Mr. Petagura, Dr. Howard, and Dr. Marcy focused on 42,000 stars that are like our own Sun or only slightly cooler and smaller. They found 603 exoplanet candidates circling them. Only 10 of these were similar to Earth in size–that is, they were one to two times the diameter of our own planet, and they circled their stellar parent at that “Goldilocks” distance where they were warmed to a blissfully comfortable temperature. The team’s definition of what constitutes habitable is a world that is bestowed with between four times and one-quarter the quantity of stellar light that Earth receives from its own Star, the Sun .
What distinguishes Mr. Petagura’s team’s study from previous analyses of Kepler data is that they subjected Mr. Petagura’s planet-hunting algorithms to a large number of tests in order to determine how many Earth-size, habitable zone, exoplanets they overlooked. Mr. Petagura actually introduced false exoplanets into the Kepler data to calculate which ones his software could bag and which it couldn’t .
“What we’re doing is taking a census of extrasolar planets, but we can’t knock on every door. Only after injecting these fake planets and measuring how many we actually found could we really pin down the number of real planets that we missed,” Mr. Petagura noted in the November 4, 2013 Berkeley Press Release .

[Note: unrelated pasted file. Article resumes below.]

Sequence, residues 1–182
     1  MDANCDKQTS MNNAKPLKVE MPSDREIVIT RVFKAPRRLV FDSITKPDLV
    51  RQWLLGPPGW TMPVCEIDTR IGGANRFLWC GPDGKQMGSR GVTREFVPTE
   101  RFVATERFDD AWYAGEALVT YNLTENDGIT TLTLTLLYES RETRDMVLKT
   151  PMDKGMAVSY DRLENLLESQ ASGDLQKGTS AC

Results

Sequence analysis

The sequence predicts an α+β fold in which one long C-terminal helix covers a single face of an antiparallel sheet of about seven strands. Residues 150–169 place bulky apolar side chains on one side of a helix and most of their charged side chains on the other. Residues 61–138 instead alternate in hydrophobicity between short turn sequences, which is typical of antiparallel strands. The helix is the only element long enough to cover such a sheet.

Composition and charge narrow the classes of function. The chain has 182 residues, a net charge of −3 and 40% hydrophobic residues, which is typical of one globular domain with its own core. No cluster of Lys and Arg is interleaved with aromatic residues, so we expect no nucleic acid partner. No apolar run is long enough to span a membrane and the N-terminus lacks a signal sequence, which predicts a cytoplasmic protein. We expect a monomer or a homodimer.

Accounting for overlooked planets, as well as the fact that only a tiny percentage of exoplanets are oriented so that they transit in front of the glaring face of their parent-star as seen from Earth, enabled the team to calculate that 22 percent of all stars like our own Sun, inhabiting our Milky Way Galaxy, possess Earth-size exoplanets dwelling in their habitable zones .